I am 27 year old newly married girl. I got my periods on 8th of may and after that we had unprotected sex on 20th of may. Please confirm is there a chances of getting pregnant. And want to know that when can I do pregnancy test.
Although no one can entirely avoid catching a virus, a sincere effort to prevent the onset of a viral infection should definitely be made. True, that vaccinations really help curb the onset of flu and other viral infections, but a healthy diet and lifestyle are as essential. A nutritious and balanced diet along with regular exercises, will ensure that the immune system of the body remains strong, thus protecting you from viral fever and cold. If you are quite susceptible to cold and the flu, it is a cause for concern as it indicates poor immune system functioning. In this case, ensure that you bring certain changes to your diet and maintain good hygiene.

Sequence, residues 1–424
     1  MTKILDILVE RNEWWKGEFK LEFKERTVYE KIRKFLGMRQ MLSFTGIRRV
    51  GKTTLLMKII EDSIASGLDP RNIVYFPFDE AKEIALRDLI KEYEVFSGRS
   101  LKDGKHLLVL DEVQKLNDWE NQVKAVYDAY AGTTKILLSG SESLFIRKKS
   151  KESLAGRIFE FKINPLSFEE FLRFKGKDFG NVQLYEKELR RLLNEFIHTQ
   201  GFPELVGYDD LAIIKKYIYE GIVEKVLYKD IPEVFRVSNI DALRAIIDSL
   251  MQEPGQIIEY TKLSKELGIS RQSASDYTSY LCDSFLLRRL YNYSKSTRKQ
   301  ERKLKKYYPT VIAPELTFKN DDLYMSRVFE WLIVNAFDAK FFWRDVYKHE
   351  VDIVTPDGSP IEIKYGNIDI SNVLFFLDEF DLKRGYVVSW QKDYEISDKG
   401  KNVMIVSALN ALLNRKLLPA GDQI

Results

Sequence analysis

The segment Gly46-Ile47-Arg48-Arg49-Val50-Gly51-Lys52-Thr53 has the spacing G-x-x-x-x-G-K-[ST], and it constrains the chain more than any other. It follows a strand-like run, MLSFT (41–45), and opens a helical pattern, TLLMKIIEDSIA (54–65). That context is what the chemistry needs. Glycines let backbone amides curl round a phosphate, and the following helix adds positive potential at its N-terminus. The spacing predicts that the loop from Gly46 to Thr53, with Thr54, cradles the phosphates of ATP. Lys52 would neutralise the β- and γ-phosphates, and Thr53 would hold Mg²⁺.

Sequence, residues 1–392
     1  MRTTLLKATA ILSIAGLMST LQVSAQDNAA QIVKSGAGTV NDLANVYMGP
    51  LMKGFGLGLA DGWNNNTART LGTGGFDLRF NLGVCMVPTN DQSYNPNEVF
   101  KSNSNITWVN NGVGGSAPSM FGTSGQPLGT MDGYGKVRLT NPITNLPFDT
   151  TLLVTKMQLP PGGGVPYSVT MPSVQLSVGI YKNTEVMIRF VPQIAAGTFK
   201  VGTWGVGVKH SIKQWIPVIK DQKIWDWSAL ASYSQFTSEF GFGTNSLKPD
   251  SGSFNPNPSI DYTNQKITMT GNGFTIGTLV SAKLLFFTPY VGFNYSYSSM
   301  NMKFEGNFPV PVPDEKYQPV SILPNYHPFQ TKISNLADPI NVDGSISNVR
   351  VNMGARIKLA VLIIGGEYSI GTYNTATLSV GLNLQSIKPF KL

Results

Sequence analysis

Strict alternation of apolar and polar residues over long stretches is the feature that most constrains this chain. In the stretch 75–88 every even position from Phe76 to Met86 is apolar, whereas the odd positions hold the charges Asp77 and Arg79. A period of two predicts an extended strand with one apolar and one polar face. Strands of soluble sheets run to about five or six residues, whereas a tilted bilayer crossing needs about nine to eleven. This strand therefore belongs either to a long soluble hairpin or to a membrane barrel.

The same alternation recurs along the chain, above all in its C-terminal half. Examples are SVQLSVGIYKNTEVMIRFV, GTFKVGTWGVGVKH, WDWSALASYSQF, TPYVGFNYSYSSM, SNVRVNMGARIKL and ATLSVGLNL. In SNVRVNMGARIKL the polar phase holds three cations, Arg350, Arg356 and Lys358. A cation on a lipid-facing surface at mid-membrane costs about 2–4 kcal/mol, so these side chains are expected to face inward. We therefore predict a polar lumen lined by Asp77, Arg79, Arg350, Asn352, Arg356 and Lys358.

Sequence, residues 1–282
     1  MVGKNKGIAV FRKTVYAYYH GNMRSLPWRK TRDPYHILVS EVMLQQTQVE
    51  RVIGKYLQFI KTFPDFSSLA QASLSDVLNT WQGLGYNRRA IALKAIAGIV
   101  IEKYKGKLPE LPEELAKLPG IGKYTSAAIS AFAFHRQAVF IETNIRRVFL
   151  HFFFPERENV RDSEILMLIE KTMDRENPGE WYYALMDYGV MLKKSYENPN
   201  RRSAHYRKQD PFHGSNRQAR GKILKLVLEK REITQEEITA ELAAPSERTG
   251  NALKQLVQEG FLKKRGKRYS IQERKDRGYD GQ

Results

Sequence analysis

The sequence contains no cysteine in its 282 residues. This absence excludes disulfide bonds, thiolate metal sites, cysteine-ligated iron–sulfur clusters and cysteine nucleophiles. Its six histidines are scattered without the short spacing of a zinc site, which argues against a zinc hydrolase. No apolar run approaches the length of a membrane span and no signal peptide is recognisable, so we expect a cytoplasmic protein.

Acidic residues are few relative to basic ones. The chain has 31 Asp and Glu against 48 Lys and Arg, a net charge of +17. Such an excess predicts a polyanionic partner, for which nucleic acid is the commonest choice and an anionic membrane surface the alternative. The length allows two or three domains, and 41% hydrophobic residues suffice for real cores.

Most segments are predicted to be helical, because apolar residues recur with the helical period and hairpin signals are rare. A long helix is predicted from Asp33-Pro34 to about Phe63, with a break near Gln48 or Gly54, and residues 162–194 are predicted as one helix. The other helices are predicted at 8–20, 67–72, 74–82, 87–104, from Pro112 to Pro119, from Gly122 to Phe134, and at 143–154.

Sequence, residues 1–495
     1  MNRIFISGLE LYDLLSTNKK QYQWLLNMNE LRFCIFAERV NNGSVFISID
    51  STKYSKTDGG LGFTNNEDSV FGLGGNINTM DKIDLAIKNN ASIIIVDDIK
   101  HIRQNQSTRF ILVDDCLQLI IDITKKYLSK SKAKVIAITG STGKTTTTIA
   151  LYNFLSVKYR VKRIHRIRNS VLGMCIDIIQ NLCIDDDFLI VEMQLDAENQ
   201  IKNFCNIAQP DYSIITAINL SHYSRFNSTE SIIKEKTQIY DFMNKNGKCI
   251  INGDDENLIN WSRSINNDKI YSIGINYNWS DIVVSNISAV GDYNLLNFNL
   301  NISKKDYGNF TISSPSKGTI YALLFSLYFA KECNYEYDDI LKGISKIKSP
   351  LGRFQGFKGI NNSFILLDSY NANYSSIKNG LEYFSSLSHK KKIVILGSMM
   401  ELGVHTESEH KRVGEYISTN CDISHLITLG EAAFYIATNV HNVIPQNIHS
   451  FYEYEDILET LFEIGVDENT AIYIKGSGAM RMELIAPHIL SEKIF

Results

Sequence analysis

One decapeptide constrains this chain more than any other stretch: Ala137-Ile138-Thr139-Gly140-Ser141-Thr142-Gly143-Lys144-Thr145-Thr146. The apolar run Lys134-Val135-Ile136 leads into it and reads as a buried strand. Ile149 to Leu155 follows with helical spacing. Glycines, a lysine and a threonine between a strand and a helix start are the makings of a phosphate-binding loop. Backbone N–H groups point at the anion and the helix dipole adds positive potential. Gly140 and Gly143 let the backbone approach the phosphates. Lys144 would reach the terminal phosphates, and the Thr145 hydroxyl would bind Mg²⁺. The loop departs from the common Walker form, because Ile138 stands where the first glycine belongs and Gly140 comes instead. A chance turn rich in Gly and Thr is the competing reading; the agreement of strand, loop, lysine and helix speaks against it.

Here are a few tips which will help you stay away from viruses and infections-
- Make sure you take in plenty of Vitamin D: Vitamin D is known to offer great protection against viral infections such as cold and the flu and the best source of it is the sun. This is why cases of flu are more common during the winter months, when the days are short.
- Wash hands: Make it a point to wash your hands before every meal and after every visit to the toilet. Ensure that children do the same and consciously inculcate this habit in them. Most viral infections are spread through touch; while one can definitely not stop contact with other human beings and things, viral infection can be greatly avoided by maintaining this hygienic habit.